Young Earth Creationism is the idea that everything in the universe was poofed into existence in six literal days six thousand years ago. Six thousand years? Yes, Archbishop James Ussher, obviously in a moment of boredom, decided that he would work his way backward through the Bible and add up the ages of the patriarchs in order to calculate the exact date of creation. The date calculated was October 22, 4004 BCE and Noah’s flood happened in 2350 BCE.

Creationism is not science. It’s the assertion that the Bible is literally true and the flood of Noah actually happened. It did not. How do we know? There are records of at least a few civilizations that were shockingly unaffected when a GLOBAL FLOOD washed everything off the face of the earth (or under the face of the earth? Around the face of the earth?) except for a bronze-age floating zoo and a six hundred year old man and his family.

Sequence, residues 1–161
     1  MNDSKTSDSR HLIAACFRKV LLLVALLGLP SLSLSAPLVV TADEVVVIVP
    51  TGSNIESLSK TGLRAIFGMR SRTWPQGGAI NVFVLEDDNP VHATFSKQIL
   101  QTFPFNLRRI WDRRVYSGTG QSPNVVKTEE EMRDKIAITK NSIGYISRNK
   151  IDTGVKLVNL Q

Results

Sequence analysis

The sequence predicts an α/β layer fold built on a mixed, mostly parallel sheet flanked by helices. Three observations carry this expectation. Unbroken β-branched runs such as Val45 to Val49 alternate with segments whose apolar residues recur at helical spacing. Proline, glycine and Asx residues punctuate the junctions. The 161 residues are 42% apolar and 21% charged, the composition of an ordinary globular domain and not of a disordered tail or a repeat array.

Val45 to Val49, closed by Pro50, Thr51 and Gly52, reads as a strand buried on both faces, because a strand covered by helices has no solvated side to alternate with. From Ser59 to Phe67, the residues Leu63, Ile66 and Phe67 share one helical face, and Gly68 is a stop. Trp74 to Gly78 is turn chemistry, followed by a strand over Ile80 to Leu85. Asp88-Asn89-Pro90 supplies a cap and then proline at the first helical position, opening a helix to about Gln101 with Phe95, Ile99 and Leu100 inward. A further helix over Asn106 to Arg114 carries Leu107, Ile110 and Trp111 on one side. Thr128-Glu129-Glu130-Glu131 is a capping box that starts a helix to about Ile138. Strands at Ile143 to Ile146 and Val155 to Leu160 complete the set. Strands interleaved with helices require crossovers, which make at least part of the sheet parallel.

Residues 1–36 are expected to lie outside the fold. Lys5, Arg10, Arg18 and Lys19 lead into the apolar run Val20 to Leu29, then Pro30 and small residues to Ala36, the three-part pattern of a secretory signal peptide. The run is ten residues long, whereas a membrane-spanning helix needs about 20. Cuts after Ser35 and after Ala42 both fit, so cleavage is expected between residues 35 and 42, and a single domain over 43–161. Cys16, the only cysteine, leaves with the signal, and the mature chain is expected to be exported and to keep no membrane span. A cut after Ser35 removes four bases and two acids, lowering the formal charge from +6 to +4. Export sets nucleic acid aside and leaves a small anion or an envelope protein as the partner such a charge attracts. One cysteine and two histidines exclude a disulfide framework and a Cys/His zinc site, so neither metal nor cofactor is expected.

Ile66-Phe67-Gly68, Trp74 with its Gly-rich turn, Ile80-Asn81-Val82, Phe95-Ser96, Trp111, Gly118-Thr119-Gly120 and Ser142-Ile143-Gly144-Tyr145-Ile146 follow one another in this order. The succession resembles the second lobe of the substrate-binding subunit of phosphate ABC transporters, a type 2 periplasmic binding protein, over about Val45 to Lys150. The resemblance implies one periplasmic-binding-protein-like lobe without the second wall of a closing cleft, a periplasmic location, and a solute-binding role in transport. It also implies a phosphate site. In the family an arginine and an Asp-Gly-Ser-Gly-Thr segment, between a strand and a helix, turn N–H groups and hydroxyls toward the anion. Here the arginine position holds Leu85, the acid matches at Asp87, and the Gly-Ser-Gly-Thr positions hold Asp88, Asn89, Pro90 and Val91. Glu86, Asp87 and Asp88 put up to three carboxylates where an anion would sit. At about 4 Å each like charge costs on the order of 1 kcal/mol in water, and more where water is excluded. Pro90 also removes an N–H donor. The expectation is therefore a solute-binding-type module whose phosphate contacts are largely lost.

While I am not a qualified scientist in any of the above-mentioned disciplines, I can look at the story of Noah’s Ark and say, without hesitation, that it absolutely, positively, DID NOT HAPPEN. How did Noah and his three sons gather all of the animals from all over the world, including from Antarctica, Australia, and the Americas?

Also, Chapter 1 of Genesis has the order of creation in one way, but in Chapter 2 it’s in a different order. Right there we can clearly see that Bible is not the literal telling that Ken Ham of Answers in Genesis tries to tell us it is. There are also creationists that claim that Moses wrote Genesis and that it’s the oldest book of the Bible. Job is generally agreed to be the oldest book in the Bible.